Isolating on the edge of the continent with 2 kids, a fishing rod and a paint box
When Charlie Easton packed up his family and headed West, he grabbed his paint bag and some panels. He’s making a go of ‘isolation’ on an island in the Pacific, living off the land and having his easel knocked over by gale force winds. As part of a series to bring you the latest news from our Plein Air Convention & Expo artists, we caught up with him to see how he was getting on.
Outdoor Painter: So where exactly are you and how did you end up there?
Charlie Easton: I’m currently on an Island called Helby Island, in Barkley Sound, on the West Coast of Vancouver Island, Canada. Basically the very edge of the continent. Next stop Japan.
My wife and I have always kayaked – it’s a great way of seeing inaccessible coastline, with loads of room to carry paints and panels. On one trip we paddled past a dilapidated shack that had a ‘for sale’ sign on it, and we decided that it would be a good fixer upper – even the sign was falling apart. We emptied our piggy banks and five years later it’s now our happy place and my painting heaven.
So you’re out in the wilderness, self-quarantining and painting…
Yes, we brought our kids over here so they can lick whatever they like! We’re recognized that we’re incredibly lucky to be able to do this, and it definitely relieves some of the anxiety of living in a city at a time like this.
What is there to paint out there?
Everything from the smallest, strangest objects that you find in a tide pool up to the grandest skyscapes you could imagine, as the storms of the pacific hit the warm air of the continent. The rock formations are incredible, and the vegetation is lush, verdant and always changing with the weather and the seasons.
How are the paintings coming along?
Some good, some bad – always exciting. What a lot of people don’t tell you with plein air painting is that YOU WILL ALWAYS GET YOUR BUTT KICKED BY MOTHER NATURE! So many instructional videos tell you that you can ‘master this’, and ‘master that’…mmm. You can get better for sure, and you can improve your technique and process, but you have to also paint on location to achieve mastery of places like this. I don’t think that is pessimistic, quite the opposite, it means that there is always something to look forward to, to work on, and to inspire you to get better. You have to distill, simplify, and hone in on the very few elements of a scene that make it so impressive – you just don’t have time to do anything else.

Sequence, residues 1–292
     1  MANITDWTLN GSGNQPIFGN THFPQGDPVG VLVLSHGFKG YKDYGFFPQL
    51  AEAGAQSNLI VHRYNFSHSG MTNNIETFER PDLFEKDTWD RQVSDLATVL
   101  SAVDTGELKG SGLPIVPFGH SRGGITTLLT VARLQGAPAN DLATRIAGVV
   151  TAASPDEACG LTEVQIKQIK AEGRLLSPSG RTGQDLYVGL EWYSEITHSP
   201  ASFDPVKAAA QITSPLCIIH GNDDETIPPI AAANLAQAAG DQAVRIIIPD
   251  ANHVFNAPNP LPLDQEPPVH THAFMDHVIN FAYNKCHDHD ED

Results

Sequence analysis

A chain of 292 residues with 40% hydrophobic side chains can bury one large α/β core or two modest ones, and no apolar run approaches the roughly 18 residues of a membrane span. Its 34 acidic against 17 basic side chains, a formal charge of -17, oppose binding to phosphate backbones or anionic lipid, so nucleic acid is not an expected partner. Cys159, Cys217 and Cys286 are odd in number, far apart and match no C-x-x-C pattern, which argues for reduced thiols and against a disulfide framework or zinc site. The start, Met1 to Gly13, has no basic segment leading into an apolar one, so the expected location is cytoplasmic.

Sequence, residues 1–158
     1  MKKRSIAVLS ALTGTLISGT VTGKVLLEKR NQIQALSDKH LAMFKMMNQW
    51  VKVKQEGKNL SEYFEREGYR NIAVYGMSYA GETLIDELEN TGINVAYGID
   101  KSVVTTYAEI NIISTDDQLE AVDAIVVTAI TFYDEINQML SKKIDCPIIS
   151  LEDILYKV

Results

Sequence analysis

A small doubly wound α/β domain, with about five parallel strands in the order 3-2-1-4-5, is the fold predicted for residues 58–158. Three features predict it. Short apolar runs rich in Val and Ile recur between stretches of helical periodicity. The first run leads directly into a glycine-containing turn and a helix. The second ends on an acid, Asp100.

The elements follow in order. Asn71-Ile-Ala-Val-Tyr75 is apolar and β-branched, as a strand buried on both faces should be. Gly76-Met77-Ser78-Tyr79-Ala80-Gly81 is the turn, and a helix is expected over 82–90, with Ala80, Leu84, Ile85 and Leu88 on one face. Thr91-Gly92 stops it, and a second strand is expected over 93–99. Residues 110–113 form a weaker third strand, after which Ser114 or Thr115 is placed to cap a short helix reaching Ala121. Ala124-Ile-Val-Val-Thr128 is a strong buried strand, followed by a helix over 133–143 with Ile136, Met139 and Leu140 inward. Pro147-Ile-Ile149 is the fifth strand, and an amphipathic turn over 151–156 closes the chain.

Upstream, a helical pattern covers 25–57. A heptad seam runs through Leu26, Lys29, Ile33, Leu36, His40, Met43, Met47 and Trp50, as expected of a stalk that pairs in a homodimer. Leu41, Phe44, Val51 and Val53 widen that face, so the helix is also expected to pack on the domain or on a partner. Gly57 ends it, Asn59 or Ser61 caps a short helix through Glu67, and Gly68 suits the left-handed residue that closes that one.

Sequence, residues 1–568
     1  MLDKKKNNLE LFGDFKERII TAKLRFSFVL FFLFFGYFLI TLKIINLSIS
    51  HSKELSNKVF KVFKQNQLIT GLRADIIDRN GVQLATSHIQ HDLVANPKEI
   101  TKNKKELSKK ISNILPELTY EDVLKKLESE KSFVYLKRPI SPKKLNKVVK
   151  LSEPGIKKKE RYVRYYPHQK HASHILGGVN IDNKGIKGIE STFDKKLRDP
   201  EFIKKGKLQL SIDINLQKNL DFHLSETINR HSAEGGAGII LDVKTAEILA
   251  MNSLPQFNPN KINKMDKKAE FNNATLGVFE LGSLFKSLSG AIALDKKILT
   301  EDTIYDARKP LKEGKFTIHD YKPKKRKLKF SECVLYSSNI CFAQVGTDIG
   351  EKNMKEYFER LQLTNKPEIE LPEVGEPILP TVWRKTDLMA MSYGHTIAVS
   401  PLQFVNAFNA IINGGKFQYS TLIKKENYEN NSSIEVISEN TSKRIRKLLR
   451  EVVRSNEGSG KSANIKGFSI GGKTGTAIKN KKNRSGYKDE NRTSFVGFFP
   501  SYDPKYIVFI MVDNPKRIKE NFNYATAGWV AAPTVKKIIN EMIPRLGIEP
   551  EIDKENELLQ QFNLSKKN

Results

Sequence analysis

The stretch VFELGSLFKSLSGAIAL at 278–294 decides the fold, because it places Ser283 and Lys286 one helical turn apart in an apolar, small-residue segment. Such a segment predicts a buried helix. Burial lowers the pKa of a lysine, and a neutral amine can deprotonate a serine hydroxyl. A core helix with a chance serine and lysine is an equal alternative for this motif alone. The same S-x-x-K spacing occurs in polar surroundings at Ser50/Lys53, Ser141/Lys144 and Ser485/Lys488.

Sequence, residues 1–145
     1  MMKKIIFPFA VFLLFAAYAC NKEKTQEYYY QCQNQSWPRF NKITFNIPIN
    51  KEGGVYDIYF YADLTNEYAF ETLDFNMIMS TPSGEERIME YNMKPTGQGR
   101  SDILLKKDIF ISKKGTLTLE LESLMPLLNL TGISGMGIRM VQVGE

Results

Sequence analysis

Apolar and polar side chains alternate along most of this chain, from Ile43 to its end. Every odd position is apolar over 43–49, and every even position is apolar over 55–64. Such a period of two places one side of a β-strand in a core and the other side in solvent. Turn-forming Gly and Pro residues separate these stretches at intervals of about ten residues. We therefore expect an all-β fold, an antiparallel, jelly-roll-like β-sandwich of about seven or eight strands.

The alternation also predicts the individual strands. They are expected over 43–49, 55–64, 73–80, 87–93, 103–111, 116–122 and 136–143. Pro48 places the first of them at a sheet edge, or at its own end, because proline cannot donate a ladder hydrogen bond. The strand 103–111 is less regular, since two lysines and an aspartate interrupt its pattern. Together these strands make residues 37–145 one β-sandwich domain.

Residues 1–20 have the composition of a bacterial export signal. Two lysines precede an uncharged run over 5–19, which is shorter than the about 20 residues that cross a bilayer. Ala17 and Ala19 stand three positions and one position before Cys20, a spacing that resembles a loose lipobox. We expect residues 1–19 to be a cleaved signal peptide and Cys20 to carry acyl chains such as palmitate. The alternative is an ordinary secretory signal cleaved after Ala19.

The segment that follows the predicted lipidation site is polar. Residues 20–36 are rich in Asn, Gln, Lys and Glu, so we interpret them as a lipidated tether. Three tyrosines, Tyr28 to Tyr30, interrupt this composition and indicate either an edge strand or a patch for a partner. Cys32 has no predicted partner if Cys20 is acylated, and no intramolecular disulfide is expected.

What does a typical day look like for you?
Get up too early with the kids. Plan the meals for the day. Go to get the meals – harvesting mussels, catching a fish, pulling a trap. Entertain the kids. Do a painting (aka getting my butt kicked). Repair something. Cook. Clean up after the mice. Try to stay in touch with loved ones and with my painting audience on social media (check out @charlieeaston on Instagram 😉).
What are you doing with all the panels you’re painting?
Same as I always do with my paintings – some will be touched up and go to a gallery, some will just be reference for studio pieces, and some will end up in the wood stove. I have been painting smaller than I usually do out here, to maximize my panels, but it’s been great to develop ideas and to work on compositional concepts. It’s been an educational experience.
What’s next to paint?
Hopefully some warm sunny days! Recently it has been stormy, with big bulbous rain clouds and amazing light conditions. I’ve absolutely loved it, but I’m getting a little tired of my easel blowing into a tide pool. A bit of calm weather would be nice. Variety is the spice of life.
You’re due to teach at the Plein Air Convention in Santa Fe. How does what you’re doing now translate to what you’ll be painting down there?
For me, I always employ the same process, no matter where I am. The finished painting varies by place, mood, weather and all of the other variables that are present in plein air painting. Every time I go painting I try to ask myself, what is this scene telling me, where is the wow, and that process applies to desert and mountains and ocean and skies and sunsets. I’m so looking forward to sharing my process at PACE20, to meeting other artists and to seeing how they go about their practice. I’m also really looking forward to working with students on how best to paint en plein air with acrylics – it’s such a potent, immediate medium to paint plein air in.
Stay safe out there. We’re looking forward to seeing you at PACE!
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